“Modeling research anticipates that recycling drainage water will reduce nitrates in runoff by 24 to 37%,” Hay says. “It also expects a 21 to 39% reduction in P load, which is similar to the improvements offered by other practices like cover crops.”

Hay and partner organizations are monitoring sites to confirm how real in-field systems align with the modeling. The system established in 2021 used 10 inches of irrigation water in 2022, its first full season of operation, which is above average. The water released from storage after the season showed above-average nutrient reduction.

“We measured a 33% reduction in nitrate concentration just from storage in the reservoir, and by recycling water to the field, we saw a 72% reduction in the nitrate load released to the river,” he reports. “We don’t expect this to be typical, but it shows the promise of this type of system.” 

In addition to studying recent sites, he monitors yield from a central Iowa system that includes a reservoir and center pivot irrigation, installed in 2015.

“In this system, it is hard to measure water quality,” Hay notes. “However, the field under irrigation has averaged a 35 bushel-per-acre corn yield increase since 2016. Plus, its yields have been more consistent within the field compared to the control rainfed fields with similar soils and management. It’s been planted in continuous corn, so we don’t have soybean yield data yet, but the trend is encouraging.” 

Watershed-Scale Feasibility Research

With promising data coming from the field and modeling, RCFI started a new drainage water recycling project in 2023. Working with a consulting engineering firm with drainage water storage expertise, RCFI is investing soy checkoff funds in spatial analysis of four key Iowa watersheds. That analysis will determine where drainage water recycling systems would fit and provide the most benefits to both farmers and water quality.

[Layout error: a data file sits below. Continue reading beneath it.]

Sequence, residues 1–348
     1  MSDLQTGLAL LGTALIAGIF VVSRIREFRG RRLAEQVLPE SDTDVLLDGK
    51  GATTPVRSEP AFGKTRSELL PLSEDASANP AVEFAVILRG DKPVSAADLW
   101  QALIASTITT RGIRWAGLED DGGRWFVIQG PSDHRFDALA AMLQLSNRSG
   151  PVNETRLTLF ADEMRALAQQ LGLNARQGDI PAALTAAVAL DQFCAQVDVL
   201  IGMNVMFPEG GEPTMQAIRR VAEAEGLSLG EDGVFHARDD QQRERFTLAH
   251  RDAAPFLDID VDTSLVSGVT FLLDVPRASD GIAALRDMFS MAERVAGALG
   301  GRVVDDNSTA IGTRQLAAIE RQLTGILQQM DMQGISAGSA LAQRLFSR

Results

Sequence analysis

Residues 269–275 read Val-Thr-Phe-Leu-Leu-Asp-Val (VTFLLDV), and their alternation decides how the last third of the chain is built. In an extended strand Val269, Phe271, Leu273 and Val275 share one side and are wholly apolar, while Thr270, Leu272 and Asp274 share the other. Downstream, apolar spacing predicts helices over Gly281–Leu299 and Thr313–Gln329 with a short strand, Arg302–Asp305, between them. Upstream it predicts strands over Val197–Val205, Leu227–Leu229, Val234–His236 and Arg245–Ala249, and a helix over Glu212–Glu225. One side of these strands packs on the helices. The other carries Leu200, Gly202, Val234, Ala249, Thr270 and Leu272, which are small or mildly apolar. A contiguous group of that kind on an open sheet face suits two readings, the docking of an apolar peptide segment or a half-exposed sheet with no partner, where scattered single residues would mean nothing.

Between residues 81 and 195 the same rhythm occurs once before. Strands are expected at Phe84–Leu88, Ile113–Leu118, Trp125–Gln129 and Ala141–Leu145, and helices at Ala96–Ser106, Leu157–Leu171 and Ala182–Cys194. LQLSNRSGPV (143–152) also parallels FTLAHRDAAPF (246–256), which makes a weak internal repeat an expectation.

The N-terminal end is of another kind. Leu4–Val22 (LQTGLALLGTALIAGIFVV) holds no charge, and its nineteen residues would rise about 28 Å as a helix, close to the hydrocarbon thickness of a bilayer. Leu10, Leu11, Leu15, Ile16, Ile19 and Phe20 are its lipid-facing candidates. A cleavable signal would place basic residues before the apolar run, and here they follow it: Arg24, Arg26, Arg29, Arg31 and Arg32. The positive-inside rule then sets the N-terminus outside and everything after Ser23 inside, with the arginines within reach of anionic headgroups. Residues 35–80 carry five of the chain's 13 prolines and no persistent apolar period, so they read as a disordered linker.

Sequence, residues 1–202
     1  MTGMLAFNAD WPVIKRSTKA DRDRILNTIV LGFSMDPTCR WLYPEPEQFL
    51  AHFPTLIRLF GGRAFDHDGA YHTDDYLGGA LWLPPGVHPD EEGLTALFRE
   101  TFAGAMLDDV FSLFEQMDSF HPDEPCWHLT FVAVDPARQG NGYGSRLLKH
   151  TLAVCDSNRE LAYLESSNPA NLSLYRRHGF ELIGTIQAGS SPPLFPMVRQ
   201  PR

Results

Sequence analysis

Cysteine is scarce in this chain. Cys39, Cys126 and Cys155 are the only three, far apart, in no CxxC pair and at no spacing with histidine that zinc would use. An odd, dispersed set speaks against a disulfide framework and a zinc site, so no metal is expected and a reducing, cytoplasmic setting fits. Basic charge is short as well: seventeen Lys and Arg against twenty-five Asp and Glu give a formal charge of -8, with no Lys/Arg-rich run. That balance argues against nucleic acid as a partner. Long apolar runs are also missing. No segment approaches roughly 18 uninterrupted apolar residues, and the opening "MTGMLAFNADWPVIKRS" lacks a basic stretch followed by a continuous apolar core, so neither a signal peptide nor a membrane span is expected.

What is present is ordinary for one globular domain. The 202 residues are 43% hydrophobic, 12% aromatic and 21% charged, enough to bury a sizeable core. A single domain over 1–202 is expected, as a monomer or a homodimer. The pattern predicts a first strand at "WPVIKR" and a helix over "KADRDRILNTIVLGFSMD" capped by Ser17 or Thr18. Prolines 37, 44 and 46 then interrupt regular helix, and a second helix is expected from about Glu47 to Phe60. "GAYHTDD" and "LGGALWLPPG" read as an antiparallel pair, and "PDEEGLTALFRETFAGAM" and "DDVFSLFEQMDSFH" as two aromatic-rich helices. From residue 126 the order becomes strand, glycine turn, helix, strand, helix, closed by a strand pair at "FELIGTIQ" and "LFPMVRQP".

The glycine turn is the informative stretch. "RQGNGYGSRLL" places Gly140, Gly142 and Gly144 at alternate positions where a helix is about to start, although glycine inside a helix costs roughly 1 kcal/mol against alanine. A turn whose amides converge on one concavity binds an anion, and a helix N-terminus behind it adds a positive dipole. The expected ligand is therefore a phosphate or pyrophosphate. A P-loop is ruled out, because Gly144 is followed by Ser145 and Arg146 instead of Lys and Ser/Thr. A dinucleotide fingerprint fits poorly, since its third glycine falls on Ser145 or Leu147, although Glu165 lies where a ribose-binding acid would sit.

Iowa Soybean Association’s drainage water recycling plan map shows the watersheds being analyzed for potential water storage projects. Source: Iowa Soybean Association

“First, we hope to identify locations where water can be stored in the landscape,” Hay says. “We expect that sharing these findings, combined with results from the individual systems we’ve helped establish, will attract more interest in drainage water recycling.”

Through this analysis, the RCFI team will identify desirable and undesirable landscape characteristics for these systems. Iowa State University researchers plan to incorporate those findings into the Agricultural Conservation Planning Framework, an online geographic information systems, or GIS, tool designed to help farmers plan conservation improvements.

In addition, following the spatial analysis, RCFI will reach out to interested farmers and to organizations willing to invest in water quality improvements. 

“Based on our initial economic analysis of these systems, we’ve found that irrigation systems will likely pay for themselves,” Hay explains. “However, building water storage is expensive. We can help farmers leverage funds from other sources interested in the water quality benefits to defray storage construction costs.”

For more information about these tools, funded in part by the soy checkoff, visit

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Published: Aug 28, 2023